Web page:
The idea for a sacred home for all Americans in the nation’s capital is as old as the country itself. Pierre L’Enfant’s original design for the new capital city included a “great church for national purposes,” an idea that sat idle until a congressional charter authorized a cathedral dedicated to religion, education and charity, in 1893. Construction began in 1907, when President Theodore Roosevelt helped lay the foundation stone. Through world wars, the Great Depression and immense social change, construction ended exactly 83 years after it began, when President George H.W. Bush oversaw the laying of the final stone atop the towers, in 1990.
The Cathedral is an active member of The Episcopal Church and is supported by generous donors from across the globe; we receive no direct support from the federal government or any national church body.
Washington National Cathedral is officially known as the Cathedral Church of St. Peter and St. Paul. Here’s more about our patron saints.
Each year on June 22, the Episcopal Church celebrates the feast day of Saint Alban, a shadowy third-century Roman soldier in Great Britain who was decapitated for sheltering and professing the same faith as a persecuted Christian priest.
Saint Alban’s parish and St. Albans School for Boys, both located on the Cathedral Close, also commemorate this early British martyr, the patron saint of the “Mount St. Alban” on which the Cathedral stands.
Exactly one week later, June 29 marks the double feast of the Cathedral’s own patron saints, Saint Peter and Saint Paul. The name comes courtesy of the Rev. George William Douglas of St. John’s, Lafayette Square, who helped to draft a constitution for the nascent “church for national purposes.”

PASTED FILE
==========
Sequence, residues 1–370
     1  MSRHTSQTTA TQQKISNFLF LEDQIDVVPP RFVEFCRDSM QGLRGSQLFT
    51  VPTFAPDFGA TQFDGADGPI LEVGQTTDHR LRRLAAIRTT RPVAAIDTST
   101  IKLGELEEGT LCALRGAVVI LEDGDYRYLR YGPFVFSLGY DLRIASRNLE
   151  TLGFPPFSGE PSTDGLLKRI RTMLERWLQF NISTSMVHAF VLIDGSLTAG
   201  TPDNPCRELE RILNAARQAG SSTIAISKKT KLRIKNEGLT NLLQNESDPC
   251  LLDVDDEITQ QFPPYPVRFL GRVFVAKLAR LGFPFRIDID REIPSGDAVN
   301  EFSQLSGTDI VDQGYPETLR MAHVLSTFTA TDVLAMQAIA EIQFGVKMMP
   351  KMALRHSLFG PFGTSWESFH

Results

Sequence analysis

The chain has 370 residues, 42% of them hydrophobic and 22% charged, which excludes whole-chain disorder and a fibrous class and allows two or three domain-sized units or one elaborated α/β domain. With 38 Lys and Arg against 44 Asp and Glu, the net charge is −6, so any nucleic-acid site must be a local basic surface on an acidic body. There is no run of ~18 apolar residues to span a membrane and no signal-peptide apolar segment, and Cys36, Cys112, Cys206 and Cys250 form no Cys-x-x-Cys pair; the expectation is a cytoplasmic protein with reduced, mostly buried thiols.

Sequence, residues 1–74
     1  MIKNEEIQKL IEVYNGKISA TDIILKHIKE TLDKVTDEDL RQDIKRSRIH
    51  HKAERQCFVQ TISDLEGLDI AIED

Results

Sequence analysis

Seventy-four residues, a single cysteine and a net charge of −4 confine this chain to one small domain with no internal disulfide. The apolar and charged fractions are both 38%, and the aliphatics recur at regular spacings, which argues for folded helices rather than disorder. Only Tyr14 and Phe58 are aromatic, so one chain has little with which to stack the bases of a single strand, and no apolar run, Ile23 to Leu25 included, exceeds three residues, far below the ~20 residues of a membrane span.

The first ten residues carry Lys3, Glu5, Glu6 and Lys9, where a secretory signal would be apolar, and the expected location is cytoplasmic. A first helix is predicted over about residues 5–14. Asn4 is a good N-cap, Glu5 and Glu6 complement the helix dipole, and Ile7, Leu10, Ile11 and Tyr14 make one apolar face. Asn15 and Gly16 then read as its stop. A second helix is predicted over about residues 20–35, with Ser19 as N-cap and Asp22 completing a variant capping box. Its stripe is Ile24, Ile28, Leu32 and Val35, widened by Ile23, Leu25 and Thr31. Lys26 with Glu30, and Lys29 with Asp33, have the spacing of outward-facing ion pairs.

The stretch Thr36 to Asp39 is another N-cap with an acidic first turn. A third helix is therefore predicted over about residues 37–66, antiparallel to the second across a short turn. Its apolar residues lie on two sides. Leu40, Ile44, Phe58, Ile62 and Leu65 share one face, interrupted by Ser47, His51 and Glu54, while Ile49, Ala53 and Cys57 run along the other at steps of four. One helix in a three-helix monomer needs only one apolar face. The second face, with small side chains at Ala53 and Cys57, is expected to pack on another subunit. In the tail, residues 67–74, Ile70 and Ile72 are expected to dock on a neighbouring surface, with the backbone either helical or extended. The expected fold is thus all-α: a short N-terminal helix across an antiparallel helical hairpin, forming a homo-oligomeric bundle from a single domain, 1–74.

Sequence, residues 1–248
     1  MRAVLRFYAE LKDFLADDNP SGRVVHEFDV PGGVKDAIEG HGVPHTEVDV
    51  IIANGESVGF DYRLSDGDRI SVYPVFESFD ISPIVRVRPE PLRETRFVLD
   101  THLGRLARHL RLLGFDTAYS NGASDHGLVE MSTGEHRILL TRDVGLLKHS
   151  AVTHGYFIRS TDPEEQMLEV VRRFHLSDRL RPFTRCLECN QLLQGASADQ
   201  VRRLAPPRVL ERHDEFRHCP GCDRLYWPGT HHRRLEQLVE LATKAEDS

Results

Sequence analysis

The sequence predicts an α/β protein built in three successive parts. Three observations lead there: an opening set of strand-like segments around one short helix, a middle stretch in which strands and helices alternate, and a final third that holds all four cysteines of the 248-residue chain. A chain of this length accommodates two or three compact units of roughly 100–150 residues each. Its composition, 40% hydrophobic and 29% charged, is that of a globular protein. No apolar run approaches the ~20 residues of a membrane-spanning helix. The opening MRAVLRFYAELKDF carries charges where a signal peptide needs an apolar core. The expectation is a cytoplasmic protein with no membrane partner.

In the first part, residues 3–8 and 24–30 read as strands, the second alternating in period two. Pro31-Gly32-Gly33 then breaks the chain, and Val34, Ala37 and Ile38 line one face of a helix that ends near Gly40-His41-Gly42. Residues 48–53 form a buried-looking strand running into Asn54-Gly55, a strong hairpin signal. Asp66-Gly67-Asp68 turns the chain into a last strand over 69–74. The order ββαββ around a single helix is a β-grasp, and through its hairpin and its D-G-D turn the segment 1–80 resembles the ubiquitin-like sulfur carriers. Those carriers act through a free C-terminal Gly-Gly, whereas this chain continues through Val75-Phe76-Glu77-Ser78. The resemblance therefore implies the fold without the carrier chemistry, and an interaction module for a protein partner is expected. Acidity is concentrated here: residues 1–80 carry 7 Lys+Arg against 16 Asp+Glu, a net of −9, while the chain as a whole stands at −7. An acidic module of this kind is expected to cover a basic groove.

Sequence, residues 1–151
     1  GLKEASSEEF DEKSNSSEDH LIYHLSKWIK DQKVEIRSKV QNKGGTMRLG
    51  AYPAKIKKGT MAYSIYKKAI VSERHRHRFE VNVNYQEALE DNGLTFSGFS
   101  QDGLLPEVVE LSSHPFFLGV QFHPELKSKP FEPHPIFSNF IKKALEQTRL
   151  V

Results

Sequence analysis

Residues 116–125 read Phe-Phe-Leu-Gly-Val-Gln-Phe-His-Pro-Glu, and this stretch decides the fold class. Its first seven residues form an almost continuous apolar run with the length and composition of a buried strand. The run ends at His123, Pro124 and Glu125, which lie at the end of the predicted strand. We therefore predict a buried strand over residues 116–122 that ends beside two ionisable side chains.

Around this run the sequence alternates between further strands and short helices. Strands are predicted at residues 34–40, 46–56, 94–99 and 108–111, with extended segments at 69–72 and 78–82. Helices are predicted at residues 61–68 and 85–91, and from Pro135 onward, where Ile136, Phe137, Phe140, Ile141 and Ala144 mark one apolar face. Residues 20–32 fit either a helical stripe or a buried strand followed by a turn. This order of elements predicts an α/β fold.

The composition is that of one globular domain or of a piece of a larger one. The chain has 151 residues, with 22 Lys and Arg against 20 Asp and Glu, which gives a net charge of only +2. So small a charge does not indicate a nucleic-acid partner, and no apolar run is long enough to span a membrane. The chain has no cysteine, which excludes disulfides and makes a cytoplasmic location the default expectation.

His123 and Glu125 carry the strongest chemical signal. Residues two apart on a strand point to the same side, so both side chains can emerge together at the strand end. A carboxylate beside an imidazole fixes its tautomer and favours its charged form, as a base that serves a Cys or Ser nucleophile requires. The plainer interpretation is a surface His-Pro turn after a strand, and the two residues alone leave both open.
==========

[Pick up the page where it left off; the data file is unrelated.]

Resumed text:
Long-established tradition records that Simon Peter, one of the Apostles, was the first pope; his name, meaning “rock,” occasioned Jesus’ remark that that disciple would become “the rock” on which he would build his church (Matthew 16:18). Paul, originally named Saul, was a Roman citizen who persecuted Christians before a powerful conversion experience on the way to Damascus in which he both lost and regained his sight (Acts 9). His letters to early Christian communities are among the earliest-dated Scriptures in the New Testament.
Peter and Paul were by no means perfect individuals. In addition to his cruel past, Paul claimed to suffer from a “thorn in the flesh” (2 Corinthians 12:7–10); Peter makes himself known for rash and impulsive nature in the New Testament rather than rocklike stability (Matthew 17:4–6; 26:75). Both martyrs’ very accessible humanity makes them ideal patrons for a Cathedral that prides itself as a house of prayer for all people.
The name of the Cathedral Church of Saint Peter and Saint Paul unites the memory of two powerful early fathers of Christianity who frequently have separate churches dedicated in their honor. Most powerfully, the unification of the two saints in Washington reflects the enduring ideal of reconciliation behind the National Cathedral, since Peter and Paul didn’t always agree on everything. The ideal of unity—between these two great apostles and among all people—is reflected in the prayers appointed for June 29:
Almighty God, whose blessed apostles Peter and Paul glorified you by their martyrdom: Grant that your Church, instructed by their teaching and example, and knit together in unity by your Spirit, may ever stand firm upon the one foundation, which is Jesus Christ our Lord; who lives and reigns with you, in the unity of the Holy Spirit, one God, now and forever. Amen.